Marlo Lewis explains the basics and highlights some of the testimony in the excerpts below (read full article):
First some background. The social cost of carbon (SCC) is the present discounted value of cumulative damages allegedly inflicted on society by an incremental metric ton of carbon dioxide (CO2) emissions over a period of decades to centuries.
Discernible in neither meteorological nor economic data, carbon’s social cost exists in the virtual world of “integrated assessment models” (IAMs) — computer programs that combine speculative climatology with speculative economics. By fiddling with non-validated climate parameters, made-up damage functions, and below-market discount rates, SCC analysts can get almost any result they desire.
What they typically desire is to make fossil fuels look unaffordable no matter how cheap, and renewables look like a bargain at any price. However curious as an academic exercise, when used to make or influence public policy, SCC analysis is computer-aided sophistry.
Agencies have an incentive to periodically increase SCC estimates to make their regulations look more valuable.
In just four short years, climate change somehow got 60% worse and CO2 reductions 60% more valuable. Yet during that period, climate models increasingly overestimated global warming, and multiple datasets still showed no clear link between climate change and the frequency and strength of storms, droughts, and floods. Your tax dollars at work!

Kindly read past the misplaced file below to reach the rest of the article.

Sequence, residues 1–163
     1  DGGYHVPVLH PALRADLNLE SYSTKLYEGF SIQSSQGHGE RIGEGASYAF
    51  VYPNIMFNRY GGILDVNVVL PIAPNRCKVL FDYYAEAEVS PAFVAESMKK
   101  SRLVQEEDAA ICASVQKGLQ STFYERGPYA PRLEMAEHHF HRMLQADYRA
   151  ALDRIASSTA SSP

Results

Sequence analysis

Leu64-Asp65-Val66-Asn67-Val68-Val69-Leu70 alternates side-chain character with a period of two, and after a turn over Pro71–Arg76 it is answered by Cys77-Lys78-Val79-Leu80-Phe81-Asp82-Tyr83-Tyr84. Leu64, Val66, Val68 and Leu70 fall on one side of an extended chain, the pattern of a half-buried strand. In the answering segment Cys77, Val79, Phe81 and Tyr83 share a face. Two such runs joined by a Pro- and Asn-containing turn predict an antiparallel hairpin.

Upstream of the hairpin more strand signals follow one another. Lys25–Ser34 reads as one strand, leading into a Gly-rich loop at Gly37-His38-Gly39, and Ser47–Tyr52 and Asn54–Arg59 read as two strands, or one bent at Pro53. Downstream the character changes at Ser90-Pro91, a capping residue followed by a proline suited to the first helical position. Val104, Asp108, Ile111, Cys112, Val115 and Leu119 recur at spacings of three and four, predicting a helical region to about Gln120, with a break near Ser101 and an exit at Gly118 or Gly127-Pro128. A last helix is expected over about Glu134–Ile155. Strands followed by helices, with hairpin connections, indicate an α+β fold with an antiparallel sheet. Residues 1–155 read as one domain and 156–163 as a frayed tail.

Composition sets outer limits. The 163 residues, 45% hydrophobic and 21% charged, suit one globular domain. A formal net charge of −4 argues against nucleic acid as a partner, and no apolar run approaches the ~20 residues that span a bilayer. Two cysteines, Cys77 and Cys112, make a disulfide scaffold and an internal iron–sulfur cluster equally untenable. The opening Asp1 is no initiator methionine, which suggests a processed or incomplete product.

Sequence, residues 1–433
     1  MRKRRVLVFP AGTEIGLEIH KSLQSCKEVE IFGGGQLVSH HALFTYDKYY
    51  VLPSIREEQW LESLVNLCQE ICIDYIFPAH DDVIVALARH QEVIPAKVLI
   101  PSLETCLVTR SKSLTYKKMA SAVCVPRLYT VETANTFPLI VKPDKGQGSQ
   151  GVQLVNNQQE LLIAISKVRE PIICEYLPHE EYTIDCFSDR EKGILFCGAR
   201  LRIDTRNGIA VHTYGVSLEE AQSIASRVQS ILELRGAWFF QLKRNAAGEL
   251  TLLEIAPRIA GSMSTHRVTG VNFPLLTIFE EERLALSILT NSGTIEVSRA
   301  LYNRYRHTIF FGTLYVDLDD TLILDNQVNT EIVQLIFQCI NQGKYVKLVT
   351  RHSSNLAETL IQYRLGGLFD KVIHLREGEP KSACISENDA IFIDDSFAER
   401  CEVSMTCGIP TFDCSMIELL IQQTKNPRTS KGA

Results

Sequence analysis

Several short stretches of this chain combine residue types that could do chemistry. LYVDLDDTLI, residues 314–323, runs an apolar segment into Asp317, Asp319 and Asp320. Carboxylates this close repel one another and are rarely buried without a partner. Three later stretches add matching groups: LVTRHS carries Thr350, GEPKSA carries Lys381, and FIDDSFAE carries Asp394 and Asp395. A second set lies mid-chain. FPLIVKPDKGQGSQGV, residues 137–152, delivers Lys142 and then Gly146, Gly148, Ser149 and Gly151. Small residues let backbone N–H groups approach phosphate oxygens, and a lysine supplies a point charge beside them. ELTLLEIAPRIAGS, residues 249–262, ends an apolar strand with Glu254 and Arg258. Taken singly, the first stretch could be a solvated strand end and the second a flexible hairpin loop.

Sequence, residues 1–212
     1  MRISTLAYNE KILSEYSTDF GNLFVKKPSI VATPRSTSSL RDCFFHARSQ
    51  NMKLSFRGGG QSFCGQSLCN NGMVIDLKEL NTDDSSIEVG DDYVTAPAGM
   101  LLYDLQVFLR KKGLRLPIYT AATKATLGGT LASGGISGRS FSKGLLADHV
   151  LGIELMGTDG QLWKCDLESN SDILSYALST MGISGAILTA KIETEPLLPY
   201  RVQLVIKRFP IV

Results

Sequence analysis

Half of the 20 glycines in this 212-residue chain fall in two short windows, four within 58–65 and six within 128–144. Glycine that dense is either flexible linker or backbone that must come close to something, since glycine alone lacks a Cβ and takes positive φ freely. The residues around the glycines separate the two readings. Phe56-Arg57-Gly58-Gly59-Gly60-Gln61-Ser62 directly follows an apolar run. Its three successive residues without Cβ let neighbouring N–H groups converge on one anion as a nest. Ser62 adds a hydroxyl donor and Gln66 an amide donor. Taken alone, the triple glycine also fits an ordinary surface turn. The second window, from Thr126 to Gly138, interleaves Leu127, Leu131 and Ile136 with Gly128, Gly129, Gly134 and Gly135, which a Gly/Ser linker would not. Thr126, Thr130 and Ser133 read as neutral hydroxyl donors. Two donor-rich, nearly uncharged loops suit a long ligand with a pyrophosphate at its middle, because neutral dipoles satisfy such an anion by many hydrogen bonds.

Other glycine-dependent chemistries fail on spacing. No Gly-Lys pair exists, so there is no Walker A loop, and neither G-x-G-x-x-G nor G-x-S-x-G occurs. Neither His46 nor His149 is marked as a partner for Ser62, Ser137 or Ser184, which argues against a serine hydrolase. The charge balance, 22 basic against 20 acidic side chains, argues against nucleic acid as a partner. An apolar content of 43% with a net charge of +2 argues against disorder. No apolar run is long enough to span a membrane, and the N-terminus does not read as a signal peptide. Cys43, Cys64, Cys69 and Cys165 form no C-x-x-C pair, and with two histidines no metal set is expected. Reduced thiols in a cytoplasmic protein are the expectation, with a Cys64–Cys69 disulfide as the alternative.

Patrick Michaels testified that SCC calculation use a value for climate sensitivity to CO2 that is much too high based on empirical evidence. (Climate sensitivity is an estimate of how much warming results from a doubling of CO2-equivalent greenhouse gas concentrations.)
The SCC models fail to take into account the benefits of CO2 fertilization on plant life, particularly food plants. The administration’s SCC analysis is structurally biased. Literally thousands of empirical observations show that rising CO2 concentrations increase crop yields. Combining such information with economic data from the Food and Agriculture Organization on 45 of the world’s most important food crops, climate researcher Craig Idso (see paper) estimates that CO2 fertilization boosted global agricultural output by $3.2 trillion during 1961-2011 and will increase output by another $9.8 trillion during 2012-2050. Only one of the three SCC models considered this and that one paper underestimated the effects by a factor of 2- to 3.